Copyright Maximalism: Turning Satirical Works Into Ridiculous Reality

Posted by BernardSwiss on Nov 14, 2012 10:12 AM EDT
Techdirt; By Tim Cushing
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Last week, we discussed Microsoft's patent filing on a content distribution system that counted heads and charged license fees accordingly. Utilizing the Kinect or some other unnamed technology, Microsoft had the beginnings of the copyright industries' wildest dreams: an opportunity to treat the public's living rooms like theaters and collect "admission" from every viewer.

Rick Falkvinge has amusingly pointed out that "prior art" exists for this "Content Distribution Regulator" -- in the form of a satirical piece published at BBspot (and covered here years ago, noting that it "hit too close to home") five years before Microsoft's filing.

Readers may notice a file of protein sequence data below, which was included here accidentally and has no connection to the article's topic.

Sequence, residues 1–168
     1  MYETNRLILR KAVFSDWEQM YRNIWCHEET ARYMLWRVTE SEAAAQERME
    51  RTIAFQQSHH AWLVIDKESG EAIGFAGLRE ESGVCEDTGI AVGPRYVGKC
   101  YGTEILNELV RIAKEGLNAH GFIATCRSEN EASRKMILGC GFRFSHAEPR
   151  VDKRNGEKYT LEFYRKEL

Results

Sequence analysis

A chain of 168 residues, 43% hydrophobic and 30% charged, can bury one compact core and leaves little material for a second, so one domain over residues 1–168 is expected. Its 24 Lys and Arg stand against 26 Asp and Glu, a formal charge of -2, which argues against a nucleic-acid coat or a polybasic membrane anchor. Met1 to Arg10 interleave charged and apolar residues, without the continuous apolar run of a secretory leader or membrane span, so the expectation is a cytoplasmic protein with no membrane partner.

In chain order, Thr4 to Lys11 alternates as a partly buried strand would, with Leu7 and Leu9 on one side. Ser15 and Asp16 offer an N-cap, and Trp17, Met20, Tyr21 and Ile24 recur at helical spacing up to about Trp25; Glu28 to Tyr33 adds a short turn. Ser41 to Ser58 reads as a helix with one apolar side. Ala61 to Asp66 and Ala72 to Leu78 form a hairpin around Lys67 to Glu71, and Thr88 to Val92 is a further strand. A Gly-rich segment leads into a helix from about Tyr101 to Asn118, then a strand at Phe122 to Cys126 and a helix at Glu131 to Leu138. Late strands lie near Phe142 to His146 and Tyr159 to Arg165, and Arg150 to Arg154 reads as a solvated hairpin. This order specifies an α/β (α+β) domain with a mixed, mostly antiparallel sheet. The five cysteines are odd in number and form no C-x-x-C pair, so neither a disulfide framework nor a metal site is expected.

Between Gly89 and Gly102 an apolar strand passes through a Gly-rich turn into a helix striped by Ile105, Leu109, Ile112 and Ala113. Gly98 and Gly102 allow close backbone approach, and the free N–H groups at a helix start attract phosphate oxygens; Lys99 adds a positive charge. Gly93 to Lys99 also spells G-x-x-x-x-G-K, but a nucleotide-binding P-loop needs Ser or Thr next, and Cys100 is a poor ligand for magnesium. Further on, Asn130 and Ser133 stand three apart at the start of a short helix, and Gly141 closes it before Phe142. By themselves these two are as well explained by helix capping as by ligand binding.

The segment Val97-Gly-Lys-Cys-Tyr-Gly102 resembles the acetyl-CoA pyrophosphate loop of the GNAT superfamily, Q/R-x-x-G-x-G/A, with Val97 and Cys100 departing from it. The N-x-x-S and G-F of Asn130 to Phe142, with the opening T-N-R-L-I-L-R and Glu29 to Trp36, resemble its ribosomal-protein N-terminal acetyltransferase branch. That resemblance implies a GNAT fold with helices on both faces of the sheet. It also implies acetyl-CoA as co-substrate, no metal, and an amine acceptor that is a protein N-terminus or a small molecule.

Quoting:Six years ago, a satire site wrote a story about how the copyright industry wanted more money if you invited friends to watch a movie in your living room. This notion has now been patented in new technology: automated headcounts coming to a living room near you, to enable new forms of restrictions. Apparently, the copyright industry takes six years to catch up with the very worst satire of it.

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